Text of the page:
NICA chief red-tags Adarna House over Martial Law book sale

The children's book bundle sale about Martial Law by Adarna Publishing. (Source: Adarna Publishing/Instagram)
The children's book bundle sale about Martial Law by Adarna Publishing. (Source: Adarna Publishing/Instagram)

Adarna Publishing's announcement of a children's book bundle sale that revisits the realities under Martial Law drew the attention of Philippines' intelligence agency.

Groups have intensified efforts to protect the country’s collective history as they have made resources and information regarding the Martial Law period more accessible, after the elections saw the imminent return of the Marcoses in Malacañang.

The sale drew attention from National Intelligence Coordinating Agency (NICA) Director General Alex Paul Monteagudo, who red-tagged the publishing house over their initiative. It can be remembered that last 2020, the NICA chief was grilled by lawmakers due to his repeated sharing of misleading information on social media platforms.

In a post, the intelligence director linked the sale as an effort to a communist plot and described the books as tools to “subtly radicalize the Filipino children against our government.”

National Task Force to End Local Communist Armed Conflict (NTF-ELCAC) spokesperson Lorraine Badoy, who currently faces a number of cases in court, echoed Monteagudo’s rhetoric and accused the publishing house of planting “lies and hatred” on children.

Author Augie Rivera, who wrote two of the books in the bundle, condemns and denies the allegations against them. Rivera shared that the books were published back in 2001 in coordination with UNICEF Philippines as a part of a 5-book series called “Batang Historyador.”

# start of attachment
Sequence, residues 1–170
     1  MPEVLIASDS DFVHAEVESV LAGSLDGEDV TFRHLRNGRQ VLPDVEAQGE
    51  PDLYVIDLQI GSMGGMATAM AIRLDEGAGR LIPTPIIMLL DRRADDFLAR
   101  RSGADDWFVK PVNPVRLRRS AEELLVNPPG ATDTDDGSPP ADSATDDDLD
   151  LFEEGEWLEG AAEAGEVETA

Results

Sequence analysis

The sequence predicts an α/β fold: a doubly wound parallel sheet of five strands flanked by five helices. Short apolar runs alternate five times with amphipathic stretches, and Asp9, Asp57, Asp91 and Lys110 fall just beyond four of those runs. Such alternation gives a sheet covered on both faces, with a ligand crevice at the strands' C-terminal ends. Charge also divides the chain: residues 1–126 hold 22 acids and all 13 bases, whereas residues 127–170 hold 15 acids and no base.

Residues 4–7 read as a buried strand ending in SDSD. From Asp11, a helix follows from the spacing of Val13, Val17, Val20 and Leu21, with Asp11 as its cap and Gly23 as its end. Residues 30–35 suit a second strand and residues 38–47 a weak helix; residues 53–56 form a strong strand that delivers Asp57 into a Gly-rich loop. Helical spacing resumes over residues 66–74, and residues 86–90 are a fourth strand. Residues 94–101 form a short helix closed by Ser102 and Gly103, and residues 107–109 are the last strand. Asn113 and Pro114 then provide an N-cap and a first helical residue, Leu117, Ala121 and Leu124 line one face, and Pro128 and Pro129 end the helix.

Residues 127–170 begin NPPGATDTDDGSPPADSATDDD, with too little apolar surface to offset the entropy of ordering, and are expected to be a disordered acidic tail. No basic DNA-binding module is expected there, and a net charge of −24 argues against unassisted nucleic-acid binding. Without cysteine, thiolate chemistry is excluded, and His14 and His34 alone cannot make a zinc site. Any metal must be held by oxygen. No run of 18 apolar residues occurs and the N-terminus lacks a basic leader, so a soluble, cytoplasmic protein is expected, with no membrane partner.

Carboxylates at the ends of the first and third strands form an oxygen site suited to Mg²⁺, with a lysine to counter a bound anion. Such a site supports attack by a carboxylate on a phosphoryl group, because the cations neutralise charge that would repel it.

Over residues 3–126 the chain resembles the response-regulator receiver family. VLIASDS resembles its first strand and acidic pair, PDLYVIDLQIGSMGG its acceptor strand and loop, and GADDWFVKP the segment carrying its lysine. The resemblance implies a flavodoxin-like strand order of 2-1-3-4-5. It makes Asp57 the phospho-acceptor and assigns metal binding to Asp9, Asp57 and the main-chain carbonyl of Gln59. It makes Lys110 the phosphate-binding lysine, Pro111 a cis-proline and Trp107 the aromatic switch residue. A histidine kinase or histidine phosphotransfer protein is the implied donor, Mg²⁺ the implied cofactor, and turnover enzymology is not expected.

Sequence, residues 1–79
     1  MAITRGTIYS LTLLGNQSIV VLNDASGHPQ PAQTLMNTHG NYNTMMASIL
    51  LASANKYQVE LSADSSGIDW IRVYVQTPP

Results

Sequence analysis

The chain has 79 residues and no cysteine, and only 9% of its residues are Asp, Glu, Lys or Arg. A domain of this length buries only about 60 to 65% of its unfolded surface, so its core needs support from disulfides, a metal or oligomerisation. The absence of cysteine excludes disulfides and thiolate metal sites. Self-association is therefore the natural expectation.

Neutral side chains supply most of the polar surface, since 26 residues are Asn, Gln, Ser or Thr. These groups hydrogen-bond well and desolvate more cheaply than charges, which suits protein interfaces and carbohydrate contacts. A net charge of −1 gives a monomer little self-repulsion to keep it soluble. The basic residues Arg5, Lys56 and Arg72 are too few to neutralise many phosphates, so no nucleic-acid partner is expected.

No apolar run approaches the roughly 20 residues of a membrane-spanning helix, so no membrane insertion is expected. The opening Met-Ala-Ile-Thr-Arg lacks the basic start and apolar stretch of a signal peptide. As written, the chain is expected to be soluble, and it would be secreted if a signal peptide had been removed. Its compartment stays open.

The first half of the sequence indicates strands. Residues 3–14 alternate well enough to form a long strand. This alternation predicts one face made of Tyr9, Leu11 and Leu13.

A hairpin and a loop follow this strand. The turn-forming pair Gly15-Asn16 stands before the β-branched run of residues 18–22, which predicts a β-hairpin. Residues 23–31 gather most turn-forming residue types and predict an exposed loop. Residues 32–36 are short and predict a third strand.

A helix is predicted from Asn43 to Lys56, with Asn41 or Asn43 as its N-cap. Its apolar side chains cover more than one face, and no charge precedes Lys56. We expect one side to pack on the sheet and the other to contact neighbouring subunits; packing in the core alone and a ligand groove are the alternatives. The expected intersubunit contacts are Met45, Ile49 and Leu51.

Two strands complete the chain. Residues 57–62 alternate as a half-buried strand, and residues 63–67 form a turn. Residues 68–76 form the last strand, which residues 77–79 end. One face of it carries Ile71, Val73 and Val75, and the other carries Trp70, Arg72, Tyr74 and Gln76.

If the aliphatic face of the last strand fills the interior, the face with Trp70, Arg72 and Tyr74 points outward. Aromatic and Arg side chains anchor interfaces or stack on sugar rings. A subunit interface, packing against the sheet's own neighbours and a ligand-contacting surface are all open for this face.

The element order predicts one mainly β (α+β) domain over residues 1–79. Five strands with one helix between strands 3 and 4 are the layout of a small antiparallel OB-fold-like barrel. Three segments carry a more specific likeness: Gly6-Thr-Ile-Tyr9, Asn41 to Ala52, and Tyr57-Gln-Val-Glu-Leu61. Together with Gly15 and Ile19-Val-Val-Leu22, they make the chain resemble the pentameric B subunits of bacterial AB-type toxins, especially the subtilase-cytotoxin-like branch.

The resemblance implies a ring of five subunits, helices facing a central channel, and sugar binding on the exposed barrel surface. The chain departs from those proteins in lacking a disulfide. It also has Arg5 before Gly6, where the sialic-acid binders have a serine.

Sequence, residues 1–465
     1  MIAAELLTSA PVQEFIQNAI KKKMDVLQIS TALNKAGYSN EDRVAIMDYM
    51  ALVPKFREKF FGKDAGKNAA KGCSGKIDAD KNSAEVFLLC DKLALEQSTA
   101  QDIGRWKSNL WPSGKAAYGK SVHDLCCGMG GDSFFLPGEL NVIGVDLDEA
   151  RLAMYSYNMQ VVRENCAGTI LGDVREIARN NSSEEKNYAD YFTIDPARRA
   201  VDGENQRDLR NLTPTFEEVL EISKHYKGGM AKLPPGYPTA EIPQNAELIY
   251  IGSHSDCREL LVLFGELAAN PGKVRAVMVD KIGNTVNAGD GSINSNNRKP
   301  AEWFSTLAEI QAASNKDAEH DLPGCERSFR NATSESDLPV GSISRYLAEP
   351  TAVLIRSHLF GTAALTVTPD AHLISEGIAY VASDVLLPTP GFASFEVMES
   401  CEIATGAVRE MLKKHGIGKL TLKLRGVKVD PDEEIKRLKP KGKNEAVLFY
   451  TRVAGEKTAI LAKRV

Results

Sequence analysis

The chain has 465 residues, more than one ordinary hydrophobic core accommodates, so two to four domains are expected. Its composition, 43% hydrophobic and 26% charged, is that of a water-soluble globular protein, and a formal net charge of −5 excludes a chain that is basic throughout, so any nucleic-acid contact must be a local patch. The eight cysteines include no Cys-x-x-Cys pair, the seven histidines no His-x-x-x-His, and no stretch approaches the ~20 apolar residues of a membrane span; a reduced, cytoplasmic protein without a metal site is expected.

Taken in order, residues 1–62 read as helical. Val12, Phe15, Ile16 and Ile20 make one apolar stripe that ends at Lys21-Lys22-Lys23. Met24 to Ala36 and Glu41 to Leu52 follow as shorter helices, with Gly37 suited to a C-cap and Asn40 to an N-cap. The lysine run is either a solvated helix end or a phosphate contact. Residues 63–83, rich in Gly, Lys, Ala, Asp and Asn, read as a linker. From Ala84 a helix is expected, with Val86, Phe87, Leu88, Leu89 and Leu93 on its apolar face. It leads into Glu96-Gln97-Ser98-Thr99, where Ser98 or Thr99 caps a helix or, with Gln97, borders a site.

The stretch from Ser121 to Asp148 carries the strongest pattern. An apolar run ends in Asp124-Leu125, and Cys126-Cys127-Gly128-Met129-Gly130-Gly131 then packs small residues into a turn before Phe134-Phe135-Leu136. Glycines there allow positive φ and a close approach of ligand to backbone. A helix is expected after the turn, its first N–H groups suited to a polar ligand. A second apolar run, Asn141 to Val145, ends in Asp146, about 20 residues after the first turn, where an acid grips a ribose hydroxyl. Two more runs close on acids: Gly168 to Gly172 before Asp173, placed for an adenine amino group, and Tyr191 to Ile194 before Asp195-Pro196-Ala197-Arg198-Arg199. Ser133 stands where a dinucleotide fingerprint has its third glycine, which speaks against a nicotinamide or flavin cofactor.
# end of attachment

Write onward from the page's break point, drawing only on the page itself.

Meanwhile, the Book Development Association of the Philippines said in a statement that the allegations made by the NICA director were “far from the truth.” The literary organization highlighted the necessity of respecting history and free speech.

In their statement of condemnation, the Manila Critics Circle underscored Adarna’s stature as an award-winning publisher devoted to truth. “It is a disservice to our young readers to assume that they should be exempted from learning about important events in Philippine history like the imposition of martial law,” their statement said.

Basti Evangelista is a news and opinion writer who focuses on Philippine national politics and sectoral issues. His personal advocacy includes press freedom and social justice.

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